One wouldn’t normally talk of golf and water preservation in the same breath. But containing water costs is becoming the very factor that will keep golf courses in the green. The United States Golf Association (USGA) is using GPS technology and targeted horticulture to help golf courses cut water consumption and related costs, as they seek to reverse their flagging fortunes. It is also working on attracting more players.
“The industry conversation has been dominated by a single topic, which is, ‘how do we get more golfers into the game?’” said Rand Jerris, senior managing director for public services at the USGA. If the industry has to support a growth in players from 25 million to 30 million or 40 million, it must develop a “sustainable ecosystem,” he added.
Jerris spoke on the USGA’s efforts to boost the financial well-being of golf courses on the Knowledge at Wharton show on Wharton Business Radio on SiriusXM channel 111. (Listen to the podcast at the top of this page.)
GPS in Golfers’ Pockets
In November, the USGA announced a 5-year research partnership with the University of Minnesota to keep the sport self-sustainable into the future. The agreement will focus on three areas: the cost of golf, the times it takes to play and golfer enjoyment. The USGA also wants to closely study the financial operating models of golf facilities, said Jerris. “We hope to generate a tremendous amount of new data and hard science that can help our industry make much more informed decisions.”
Limiting the maintenance and irrigation of the little-used portions of the golf course would save money.
The USGA has been using technology to help golf courses address one of their biggest challenges: water consumption costs. Jerris noted that water costs are rising 11% a year on average nationally, with the average golf course spending $600,000 a year on water and other maintenance. In drought-ridden California, some courses are spending more than $2 million a year on water alone. That squeezes the finances of the golf course.
One way to cut water costs is to determine if courses are maintaining and irrigating more acreage than needed. “The water issue will present the biggest challenge for golf in terms of sustainability,” he said. Indeed, in one program, the USGA puts GPS devices in the golfers’ pockets to track their play and discover which parts of courses are seldom, or even never, used. Limiting the maintenance and irrigation of the little-used portions of the golf course would save money. “This is actual, factual data,” Jerris said. Without such data, courses would be maintaining all the greens at considerable cost.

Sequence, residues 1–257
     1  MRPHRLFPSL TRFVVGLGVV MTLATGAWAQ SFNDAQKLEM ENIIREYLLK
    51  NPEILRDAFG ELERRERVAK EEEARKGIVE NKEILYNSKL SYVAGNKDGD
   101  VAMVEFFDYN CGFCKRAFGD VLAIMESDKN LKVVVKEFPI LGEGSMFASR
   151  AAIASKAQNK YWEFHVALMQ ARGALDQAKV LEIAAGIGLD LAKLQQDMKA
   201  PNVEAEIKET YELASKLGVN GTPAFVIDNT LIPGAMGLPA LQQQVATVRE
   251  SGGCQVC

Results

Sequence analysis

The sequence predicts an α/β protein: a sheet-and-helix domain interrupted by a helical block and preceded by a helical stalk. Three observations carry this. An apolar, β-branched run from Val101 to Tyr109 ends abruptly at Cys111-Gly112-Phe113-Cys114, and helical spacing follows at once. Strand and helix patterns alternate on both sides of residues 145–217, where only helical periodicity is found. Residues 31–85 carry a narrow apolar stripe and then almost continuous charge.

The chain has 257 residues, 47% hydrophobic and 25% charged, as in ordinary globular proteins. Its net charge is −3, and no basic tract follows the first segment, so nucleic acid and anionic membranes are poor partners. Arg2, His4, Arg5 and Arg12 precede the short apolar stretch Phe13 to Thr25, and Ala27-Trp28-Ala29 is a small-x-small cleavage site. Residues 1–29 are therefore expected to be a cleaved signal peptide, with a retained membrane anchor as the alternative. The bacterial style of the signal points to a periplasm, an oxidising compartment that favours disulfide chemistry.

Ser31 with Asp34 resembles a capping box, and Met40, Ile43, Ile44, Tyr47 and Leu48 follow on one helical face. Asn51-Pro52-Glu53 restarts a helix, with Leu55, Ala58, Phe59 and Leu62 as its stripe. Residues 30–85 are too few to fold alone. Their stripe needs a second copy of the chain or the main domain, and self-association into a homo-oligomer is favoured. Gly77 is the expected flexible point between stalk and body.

Since 1983, the USGA has partnered with universities and invested some $50 million in research to develop commercially viable strains of turf grass that require less water, grow at slower rates or are less susceptible to diseases and pests, said Jerris. One strain is resistant to salt water. If it proves to be viable, golf courses could save a ton of money by using recycled water that tends to have higher salinity, he explained. The USGA is also banking on research into some types of buffalo grass that need to be mowed only twice a year, and survive being irrigated twice yearly as well.
The USGA is also banking on research into some types of buffalo grass that need to be mowed only twice a year, and survive being irrigated twice yearly as well.
There have been some gains over the past decade. U.S. golf courses have cut water consumption by 22%, Jerris said, citing data from a study by the USGA and the Golf Course Superintendents Association of America. Estimated savings from water bills stand at $150 million, he said, with similar declines seen in labor and chemicals costs. The USGA’s goal is to help golf courses further cut costs by 1% annually over the next decade — or 10% by 2025 — to save another $1.5 billion, he added.
Those will be much-needed savings. Since the 2008 recession, declines in disposable incomes have reduced the number of rounds played and green fees on golf courses, said Jerris. In turn, lower earnings have forced many golf courses to postpone capital improvement projects. But with a 3% uptick seen this year, he is hopeful that the slump has bottomed out.